Lijun Yin of Binghamton University is attempting to make computers understand facial expressions. Although, this might make computers easier for everyone to use, he especially sees a need for this technology among those who have a limited ability to communicate.
Caption: Binghamton University researcher, Lijun Yin, wants computers to understand inputs from humans that go beyond the traditional keyboard and mouse.
Credit: Jonathan Cohen
Earlier, Yin collaborated with Peter Gerhardstein, also from Binghamton University, to create a 3D facial expression library. That database, made from 2500 facial expressions of 100 different people, is available for free to nonprofit research groups. Since then, Yin has been attempting to teach computers to read those same emotional cues. The challenge is to translate tiny changes around a subject’s eyes or mouth into a language that computers can interpret.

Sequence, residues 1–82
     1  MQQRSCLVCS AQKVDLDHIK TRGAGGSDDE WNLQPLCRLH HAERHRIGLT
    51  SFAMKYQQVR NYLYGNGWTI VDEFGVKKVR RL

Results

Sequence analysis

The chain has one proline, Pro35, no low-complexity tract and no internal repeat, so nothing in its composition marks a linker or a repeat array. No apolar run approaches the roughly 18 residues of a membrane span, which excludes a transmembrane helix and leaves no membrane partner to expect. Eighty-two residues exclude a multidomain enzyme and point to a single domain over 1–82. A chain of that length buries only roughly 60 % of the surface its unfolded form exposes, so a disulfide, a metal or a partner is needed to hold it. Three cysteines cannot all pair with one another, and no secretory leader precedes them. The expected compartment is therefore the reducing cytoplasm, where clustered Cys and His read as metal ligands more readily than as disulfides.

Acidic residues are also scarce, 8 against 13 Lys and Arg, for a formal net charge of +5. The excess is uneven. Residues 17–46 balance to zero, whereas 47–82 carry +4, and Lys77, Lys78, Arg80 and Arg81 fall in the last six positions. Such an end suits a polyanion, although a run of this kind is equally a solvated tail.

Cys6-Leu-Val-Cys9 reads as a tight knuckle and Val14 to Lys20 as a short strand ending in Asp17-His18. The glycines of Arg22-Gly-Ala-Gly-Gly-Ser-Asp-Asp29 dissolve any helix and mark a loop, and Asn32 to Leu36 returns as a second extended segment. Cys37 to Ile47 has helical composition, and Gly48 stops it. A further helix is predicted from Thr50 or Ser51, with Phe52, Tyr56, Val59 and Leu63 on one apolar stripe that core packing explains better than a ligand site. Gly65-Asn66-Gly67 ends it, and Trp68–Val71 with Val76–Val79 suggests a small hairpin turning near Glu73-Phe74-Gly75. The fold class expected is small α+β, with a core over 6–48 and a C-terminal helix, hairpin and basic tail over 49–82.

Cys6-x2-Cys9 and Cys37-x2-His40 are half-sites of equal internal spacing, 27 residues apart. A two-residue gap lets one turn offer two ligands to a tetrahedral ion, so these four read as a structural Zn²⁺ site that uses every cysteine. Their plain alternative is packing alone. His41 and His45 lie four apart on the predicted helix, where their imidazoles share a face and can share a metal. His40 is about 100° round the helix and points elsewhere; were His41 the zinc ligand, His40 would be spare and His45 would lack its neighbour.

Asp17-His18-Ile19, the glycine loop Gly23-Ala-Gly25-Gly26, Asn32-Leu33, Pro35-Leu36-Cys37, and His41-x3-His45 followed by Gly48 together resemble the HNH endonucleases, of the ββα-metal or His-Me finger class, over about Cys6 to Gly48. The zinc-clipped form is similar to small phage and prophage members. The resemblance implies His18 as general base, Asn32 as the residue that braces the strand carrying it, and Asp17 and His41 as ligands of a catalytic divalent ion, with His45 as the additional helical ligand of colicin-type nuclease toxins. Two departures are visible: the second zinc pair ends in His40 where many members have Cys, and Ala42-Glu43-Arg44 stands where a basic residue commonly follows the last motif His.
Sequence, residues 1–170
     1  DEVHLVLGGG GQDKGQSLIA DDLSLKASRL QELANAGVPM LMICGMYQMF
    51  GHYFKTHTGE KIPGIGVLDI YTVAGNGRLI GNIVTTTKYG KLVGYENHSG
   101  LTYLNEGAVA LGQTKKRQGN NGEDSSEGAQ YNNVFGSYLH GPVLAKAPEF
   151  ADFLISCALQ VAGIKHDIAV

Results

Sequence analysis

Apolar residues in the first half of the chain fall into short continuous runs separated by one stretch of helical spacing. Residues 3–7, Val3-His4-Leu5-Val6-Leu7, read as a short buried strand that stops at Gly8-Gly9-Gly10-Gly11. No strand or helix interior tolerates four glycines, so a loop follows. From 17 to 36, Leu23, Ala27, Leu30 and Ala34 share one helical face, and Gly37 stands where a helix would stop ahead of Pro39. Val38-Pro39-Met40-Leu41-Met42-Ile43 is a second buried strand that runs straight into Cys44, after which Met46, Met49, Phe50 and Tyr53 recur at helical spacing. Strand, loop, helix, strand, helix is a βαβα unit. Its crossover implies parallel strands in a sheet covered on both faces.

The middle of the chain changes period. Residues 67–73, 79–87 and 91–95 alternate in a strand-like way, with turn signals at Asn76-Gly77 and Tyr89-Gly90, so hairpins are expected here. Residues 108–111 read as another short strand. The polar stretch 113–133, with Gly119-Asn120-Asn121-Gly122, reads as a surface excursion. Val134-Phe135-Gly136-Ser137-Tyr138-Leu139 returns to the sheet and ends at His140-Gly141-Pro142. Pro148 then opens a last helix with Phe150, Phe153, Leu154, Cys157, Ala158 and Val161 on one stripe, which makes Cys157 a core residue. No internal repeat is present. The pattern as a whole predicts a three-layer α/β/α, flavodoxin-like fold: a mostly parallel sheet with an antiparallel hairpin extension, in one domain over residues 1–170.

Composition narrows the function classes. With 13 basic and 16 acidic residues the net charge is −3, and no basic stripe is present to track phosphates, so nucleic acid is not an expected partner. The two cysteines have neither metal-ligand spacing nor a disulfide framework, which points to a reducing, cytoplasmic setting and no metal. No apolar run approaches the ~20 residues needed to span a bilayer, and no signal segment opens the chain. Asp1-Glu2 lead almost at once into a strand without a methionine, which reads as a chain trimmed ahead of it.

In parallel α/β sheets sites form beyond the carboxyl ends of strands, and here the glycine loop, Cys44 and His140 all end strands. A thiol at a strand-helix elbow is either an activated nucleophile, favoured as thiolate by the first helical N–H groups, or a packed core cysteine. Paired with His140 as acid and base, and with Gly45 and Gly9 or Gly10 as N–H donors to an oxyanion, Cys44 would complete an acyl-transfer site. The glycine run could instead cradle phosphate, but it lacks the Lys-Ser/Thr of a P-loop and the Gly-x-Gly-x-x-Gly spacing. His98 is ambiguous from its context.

As Yin says:
Computers only understand zeroes and ones. Everything is about patterns. We want to find out how to recognize each emotion using only the most important features.
If successful, Yin anticipates a myriad uses for the new technology, from determining whether patients are in pain to detecting lies. Perhaps one day, our computers will read our moods and start us off with some soothing music before they display our credit card bills.
You can watch Yin explain his project below.